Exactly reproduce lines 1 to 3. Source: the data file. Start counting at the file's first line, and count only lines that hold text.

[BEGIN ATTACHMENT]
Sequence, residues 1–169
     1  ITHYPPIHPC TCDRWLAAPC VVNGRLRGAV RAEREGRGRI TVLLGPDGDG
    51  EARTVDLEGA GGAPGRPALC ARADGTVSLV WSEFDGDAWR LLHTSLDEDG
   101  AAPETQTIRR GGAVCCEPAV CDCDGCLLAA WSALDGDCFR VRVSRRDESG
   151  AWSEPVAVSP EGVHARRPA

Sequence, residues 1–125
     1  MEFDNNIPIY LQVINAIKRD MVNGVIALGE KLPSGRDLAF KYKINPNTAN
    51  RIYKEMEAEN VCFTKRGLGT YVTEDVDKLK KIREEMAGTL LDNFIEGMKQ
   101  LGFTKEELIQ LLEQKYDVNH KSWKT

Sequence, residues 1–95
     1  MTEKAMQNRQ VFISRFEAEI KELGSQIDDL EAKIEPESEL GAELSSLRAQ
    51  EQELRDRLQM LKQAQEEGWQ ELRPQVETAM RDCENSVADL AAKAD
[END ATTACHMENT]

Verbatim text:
Sequence, residues 1–169
     1  ITHYPPIHPC TCDRWLAAPC VVNGRLRGAV RAEREGRGRI TVLLGPDGDG
    51  EARTVDLEGA GGAPGRPALC ARADGTVSLV WSEFDGDAWR LLHTSLDEDG